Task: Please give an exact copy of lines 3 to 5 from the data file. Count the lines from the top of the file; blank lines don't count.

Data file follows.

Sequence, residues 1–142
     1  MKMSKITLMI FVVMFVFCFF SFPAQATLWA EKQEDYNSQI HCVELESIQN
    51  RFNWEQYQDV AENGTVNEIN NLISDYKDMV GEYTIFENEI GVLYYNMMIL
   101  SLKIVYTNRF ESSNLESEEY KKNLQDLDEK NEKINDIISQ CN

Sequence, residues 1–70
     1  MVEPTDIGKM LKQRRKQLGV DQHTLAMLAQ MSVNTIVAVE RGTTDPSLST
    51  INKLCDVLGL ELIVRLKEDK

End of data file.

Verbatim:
    51  RFNWEQYQDV AENGTVNEIN NLISDYKDMV GEYTIFENEI GVLYYNMMIL
   101  SLKIVYTNRF ESSNLESEEY KKNLQDLDEK NEKINDIISQ CN

Sequence, residues 1–70